Using form-based code, the Council will set parameters for development including building height, setbacks and parking guidelines for each zone, but once these are in place, individual developers will not need to bring their projects before the council if they meet the established criteria.

This kind of zoning and approval process would be new to Chapel Hill. Supporters and critics alike raised questions on Monday about how the zoning would work. In the three hour discussion that followed, Council members tried to address some of the limitations of form-based code, including the town’s inability to mandate affordable housing.

The Council is looking to partner with a nonprofit to build low-income housing on town land in the Ephesus Road area, but beyond that, Council members say there’s little incentive for developers to provide workforce housing.

The Council also received a cost benefit analysis of the project by Business Management Director Ken Pennoyer. He offered two scenarios. In the more fiscally conservative estimate, the project would cost about $26.4 million and the town would likely break even after 20 years. But if Orange County leaders agree to pledge a portion of the additional revenue the project is expected to generate, Pennoyer said the project would bring in $46.9 million dollars for the town over the next two decades.

“Obviously their participation helps our financial numbers and therefore makes the project more viable,” said Pennoyer. “If the project isn’t viable and doesn’t go forward, then [Orange County] doesn’t benefit at all.”

The Council will discuss the funding partnership with Orange County Commissioners at a joint meeting on Thursday. The Ephesus-Fordham plan will come back before the council for a vote in mid-April.

Biking! Drinking! Recycling! Driving! Housing! Reporting! Dancing!

The newest restaurant in Chapel Hill’s 140 West is celebrating its grand opening on Thursday, March 20.

Old Chicago Pizza and Taproom will mark its grand opening on March 20 with a ribbon cutting at 11:00 a.m.

Old Chicago got its start back in 1976 – and to honor that, the company will offer free pizza for a year for the first 76 customers in line. There will also be a free throw shooting contest outside on the 140 West plaza – and Old Chicago will donate $76 to Farmer Foodshare for each free throw that gets made. (Show the Tar Heels how it’s done!)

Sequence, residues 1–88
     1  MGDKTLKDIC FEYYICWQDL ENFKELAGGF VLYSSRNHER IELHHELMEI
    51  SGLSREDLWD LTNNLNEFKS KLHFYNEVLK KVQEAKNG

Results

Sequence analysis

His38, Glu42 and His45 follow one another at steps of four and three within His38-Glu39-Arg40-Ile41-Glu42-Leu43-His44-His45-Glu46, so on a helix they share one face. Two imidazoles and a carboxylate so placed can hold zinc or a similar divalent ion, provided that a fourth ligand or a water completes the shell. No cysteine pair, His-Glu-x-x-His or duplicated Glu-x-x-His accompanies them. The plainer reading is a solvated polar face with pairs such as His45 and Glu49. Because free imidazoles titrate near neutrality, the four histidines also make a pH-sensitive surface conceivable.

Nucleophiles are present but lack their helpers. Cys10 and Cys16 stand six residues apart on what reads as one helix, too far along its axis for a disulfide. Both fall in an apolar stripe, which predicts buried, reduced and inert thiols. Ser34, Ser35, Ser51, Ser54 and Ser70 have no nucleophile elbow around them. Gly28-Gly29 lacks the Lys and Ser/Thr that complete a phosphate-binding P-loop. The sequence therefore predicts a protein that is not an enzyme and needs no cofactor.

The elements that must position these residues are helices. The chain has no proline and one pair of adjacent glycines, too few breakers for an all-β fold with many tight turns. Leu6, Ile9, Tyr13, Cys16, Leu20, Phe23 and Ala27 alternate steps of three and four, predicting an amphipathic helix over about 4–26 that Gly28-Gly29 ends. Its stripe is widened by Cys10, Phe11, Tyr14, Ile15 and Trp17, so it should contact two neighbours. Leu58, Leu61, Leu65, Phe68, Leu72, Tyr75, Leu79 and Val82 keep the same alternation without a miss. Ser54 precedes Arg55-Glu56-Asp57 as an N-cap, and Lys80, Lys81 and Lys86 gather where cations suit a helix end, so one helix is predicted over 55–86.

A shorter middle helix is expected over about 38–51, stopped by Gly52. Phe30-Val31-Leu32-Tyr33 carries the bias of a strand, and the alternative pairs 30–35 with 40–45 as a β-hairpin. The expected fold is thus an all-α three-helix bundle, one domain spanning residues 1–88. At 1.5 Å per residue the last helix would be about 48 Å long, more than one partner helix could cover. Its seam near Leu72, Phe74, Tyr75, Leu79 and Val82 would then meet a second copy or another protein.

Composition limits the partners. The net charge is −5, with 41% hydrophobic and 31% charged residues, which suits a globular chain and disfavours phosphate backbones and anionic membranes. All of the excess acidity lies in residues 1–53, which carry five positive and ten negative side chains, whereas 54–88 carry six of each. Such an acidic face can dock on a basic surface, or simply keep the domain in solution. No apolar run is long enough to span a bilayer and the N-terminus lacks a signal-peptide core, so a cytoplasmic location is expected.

Listen to Aaron Keck’s conversation on the Wednesday afternoon news with Old Chicago’s Chris Beckler.

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For the next two months, the Town of Chapel Hill is inviting you to give your feedback on the latest draft of its Bike Plan.

You can find the plan and a comment form online at

There will be a public forum to discuss the plan on Monday, April 28.


Chatham County officials say drinking water in some parts of the county might have a musty taste and odor for the next month or so – but it’s still safe to drink.

Chatham Water Utilities found higher-than-usual levels of compounds in water recently sampled from Jordan Lake Reservoir, causing the slight difference in taste. Director Leonard McBryde says this is a seasonal issue that’s “not uncommon for water systems that draw raw water from lakes.”

Since it’s seasonal, county officials say it should only last about a month – but in the meantime, residents can minimize the taste difference by refrigerating water in a pitcher, or using a carbon filter.


Orange County will be holding a second public hearing in April to discuss the proposed new solid waste service tax district for unincorporated areas of the county.

The district is being proposed as a way to continue funding the county’s recycling program. The program had been funded with an annual fee attached to residents’ property tax bill, but that fee has been discontinued.

The public hearing takes place on Tuesday, April 1, also at 6:00 p.m. at the Social Services Center at Hillsborough Commons on Mayo Street in Hillsborough.


Chapel Hill-Carrboro’s three high schools are holding “mock crash” events this spring to raise awareness of the dangers of impaired and distracted driving.